Burns Creek School - Solomon Islands

The Solomon Islands consists of over 900 islands along two volcanic chains in the south-west Pacific Ocean.  The Solomon Islands was granted independence in 1978, and has a population of over 600,000, who are predominantly Melanesian.

The Society in Australia has one twin in the Solomon Islands – St Louis de Montfort in Burns Creek which is twinned with St Joseph’s Conference in Nyngen, NSW.  Burns Creek is a ‘settlement’ which means that is it government land that people have been occupying for the past 20 years or so. There is no running water or sewerage, no mains electricity and roads are gravel and severely potholed.

A striking feature of the settlement is the number of children. Part of the work of the conference members is to care for children from broken relationships in the community. Many seemed to have extra “adopted” children and it is normal for families to take in children who do not have adequate care.

The Vice President of the Society in the Solomon Islands, and St Louis de Montfort conference member, Sr Julian Ketai, started a school in Burns Creek three years ago because of the many children in the settlement with no access to education.  The school is a special work of the Society in the Solomon Islands, and is run by a Board from the local parish and community.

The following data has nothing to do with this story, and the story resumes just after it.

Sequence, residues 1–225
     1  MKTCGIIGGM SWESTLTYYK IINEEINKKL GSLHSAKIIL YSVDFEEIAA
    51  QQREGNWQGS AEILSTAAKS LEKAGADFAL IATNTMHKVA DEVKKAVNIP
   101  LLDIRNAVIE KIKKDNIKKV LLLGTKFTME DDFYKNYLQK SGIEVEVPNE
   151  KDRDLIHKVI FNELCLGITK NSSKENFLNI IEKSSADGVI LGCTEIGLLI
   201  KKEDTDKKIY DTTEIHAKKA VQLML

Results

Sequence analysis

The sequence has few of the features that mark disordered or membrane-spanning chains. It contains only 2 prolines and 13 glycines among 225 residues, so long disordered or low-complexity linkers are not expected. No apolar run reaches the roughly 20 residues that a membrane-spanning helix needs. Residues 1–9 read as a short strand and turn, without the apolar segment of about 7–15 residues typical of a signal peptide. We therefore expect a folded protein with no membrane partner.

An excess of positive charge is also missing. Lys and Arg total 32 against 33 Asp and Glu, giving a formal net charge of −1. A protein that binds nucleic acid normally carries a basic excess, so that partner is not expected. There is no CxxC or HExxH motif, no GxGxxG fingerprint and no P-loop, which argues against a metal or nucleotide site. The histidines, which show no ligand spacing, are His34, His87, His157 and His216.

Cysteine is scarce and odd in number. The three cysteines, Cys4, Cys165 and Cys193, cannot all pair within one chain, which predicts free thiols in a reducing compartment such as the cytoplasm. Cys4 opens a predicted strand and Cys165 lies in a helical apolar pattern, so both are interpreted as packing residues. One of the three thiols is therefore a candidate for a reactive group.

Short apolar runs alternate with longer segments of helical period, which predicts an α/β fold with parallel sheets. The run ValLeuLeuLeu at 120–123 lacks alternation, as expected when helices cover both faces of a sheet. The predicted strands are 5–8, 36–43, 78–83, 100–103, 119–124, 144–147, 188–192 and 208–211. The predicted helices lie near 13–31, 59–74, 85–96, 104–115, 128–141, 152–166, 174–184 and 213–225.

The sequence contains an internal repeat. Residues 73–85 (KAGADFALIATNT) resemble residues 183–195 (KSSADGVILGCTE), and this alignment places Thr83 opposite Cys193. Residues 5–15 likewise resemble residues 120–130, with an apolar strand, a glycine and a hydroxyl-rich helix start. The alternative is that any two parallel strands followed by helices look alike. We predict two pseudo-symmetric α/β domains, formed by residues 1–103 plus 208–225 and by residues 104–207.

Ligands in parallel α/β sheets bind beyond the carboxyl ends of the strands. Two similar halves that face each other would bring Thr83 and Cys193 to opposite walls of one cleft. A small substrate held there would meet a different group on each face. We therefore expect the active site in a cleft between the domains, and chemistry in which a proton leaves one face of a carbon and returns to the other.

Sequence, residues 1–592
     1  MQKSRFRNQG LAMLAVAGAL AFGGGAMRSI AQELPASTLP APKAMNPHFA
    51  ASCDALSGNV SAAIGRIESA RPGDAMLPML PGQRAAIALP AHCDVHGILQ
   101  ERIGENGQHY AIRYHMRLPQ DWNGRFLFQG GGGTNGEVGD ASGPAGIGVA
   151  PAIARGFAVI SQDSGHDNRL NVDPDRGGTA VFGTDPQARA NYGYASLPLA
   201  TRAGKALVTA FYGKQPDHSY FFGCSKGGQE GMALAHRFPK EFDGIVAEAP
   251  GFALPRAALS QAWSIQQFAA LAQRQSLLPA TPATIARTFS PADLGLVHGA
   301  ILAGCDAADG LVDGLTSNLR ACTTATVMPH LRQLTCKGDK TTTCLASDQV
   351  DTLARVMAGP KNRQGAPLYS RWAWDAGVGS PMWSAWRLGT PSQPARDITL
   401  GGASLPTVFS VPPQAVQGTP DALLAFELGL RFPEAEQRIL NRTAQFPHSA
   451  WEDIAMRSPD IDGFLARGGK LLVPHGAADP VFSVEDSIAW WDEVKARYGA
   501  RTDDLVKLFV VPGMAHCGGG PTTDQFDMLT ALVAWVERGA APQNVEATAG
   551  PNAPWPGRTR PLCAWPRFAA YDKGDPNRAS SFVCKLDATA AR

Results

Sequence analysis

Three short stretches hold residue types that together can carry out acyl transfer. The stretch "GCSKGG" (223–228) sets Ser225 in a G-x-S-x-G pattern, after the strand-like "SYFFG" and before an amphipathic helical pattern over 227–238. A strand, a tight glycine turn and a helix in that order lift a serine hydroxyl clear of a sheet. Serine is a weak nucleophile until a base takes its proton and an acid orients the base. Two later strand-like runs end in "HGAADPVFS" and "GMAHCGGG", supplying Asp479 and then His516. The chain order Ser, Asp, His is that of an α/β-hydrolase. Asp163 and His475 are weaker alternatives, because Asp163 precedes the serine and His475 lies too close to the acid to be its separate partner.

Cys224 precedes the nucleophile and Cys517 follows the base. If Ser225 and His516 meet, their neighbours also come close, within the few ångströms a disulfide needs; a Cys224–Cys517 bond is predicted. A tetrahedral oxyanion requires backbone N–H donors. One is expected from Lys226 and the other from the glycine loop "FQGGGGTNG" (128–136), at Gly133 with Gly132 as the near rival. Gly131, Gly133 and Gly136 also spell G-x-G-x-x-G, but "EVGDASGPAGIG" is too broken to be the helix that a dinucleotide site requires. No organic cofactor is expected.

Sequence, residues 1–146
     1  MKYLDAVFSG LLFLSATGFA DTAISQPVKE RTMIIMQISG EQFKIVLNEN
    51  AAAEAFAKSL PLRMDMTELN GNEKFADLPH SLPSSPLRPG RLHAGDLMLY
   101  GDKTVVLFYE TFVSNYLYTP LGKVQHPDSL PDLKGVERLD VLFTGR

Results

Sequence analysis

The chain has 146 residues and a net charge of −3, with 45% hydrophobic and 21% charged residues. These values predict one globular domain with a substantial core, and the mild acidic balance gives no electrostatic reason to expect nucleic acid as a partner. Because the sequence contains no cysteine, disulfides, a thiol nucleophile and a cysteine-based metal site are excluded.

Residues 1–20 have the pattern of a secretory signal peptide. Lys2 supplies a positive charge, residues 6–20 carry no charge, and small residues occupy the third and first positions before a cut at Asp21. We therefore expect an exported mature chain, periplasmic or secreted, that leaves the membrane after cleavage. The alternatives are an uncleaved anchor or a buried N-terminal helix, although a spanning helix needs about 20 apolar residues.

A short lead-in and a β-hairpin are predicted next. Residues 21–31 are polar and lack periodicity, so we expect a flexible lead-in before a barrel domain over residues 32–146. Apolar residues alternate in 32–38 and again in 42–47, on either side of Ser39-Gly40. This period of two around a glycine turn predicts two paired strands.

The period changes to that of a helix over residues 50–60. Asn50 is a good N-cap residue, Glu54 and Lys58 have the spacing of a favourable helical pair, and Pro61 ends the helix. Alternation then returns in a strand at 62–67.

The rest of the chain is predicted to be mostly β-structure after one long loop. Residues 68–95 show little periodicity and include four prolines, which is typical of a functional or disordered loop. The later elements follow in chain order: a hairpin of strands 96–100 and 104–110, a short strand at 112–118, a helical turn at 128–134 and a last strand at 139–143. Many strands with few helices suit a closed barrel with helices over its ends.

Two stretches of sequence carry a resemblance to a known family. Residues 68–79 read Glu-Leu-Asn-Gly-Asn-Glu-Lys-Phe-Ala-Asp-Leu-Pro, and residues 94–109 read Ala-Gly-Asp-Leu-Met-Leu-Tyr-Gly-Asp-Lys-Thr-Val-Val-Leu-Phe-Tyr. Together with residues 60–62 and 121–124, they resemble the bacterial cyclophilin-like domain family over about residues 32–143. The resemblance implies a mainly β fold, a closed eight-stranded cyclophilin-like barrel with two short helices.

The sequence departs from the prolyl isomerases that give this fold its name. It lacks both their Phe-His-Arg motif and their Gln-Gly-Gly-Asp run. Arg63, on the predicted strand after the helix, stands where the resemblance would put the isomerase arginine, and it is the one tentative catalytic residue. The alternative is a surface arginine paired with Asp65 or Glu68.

The school has two sections, an early childhood education school (ages 3-6) and a primary school.  Both are built from wood and pandanus palm with dirt floors and no windows. The facilities in the classrooms are basic and there are up to 60 children in each class.  There are 780 students and 12 teachers, some of whom are part time volunteers.


Sr Julian is herself a volunteer who commits her time to the running of the school and has been described by Western visitors as a ‘living saint’.  This term does not sit comfortably with her, but aptly describes her selfless commitment to her community through the work of the Society, which is seen replicated in many countries that Australia twins with by Vincentians who themselves, often lack what we in Australia consider to be ‘the basics’.   

The Society in Australia is looking at ways to further develop twinning relationships in the Solomon Islands, and to provide support to the work of the school through project funding.